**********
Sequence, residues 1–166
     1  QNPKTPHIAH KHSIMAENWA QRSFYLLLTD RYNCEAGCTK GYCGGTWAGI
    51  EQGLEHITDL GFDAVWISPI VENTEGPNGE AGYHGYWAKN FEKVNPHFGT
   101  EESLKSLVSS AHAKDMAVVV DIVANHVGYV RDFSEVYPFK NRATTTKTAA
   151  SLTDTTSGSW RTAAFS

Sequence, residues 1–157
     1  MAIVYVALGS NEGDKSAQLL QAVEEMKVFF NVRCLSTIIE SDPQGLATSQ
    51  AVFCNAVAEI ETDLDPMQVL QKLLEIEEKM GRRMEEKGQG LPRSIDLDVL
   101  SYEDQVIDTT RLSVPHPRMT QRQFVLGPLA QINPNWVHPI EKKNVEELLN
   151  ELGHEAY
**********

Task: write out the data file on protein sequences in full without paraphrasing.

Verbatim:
Sequence, residues 1–166
     1  QNPKTPHIAH KHSIMAENWA QRSFYLLLTD RYNCEAGCTK GYCGGTWAGI
    51  EQGLEHITDL GFDAVWISPI VENTEGPNGE AGYHGYWAKN FEKVNPHFGT
   101  EESLKSLVSS AHAKDMAVVV DIVANHVGYV RDFSEVYPFK NRATTTKTAA
   151  SLTDTTSGSW RTAAFS

Sequence, residues 1–157
     1  MAIVYVALGS NEGDKSAQLL QAVEEMKVFF NVRCLSTIIE SDPQGLATSQ
    51  AVFCNAVAEI ETDLDPMQVL QKLLEIEEKM GRRMEEKGQG LPRSIDLDVL
   101  SYEDQVIDTT RLSVPHPRMT QRQFVLGPLA QINPNWVHPI EKKNVEELLN
   151  ELGHEAY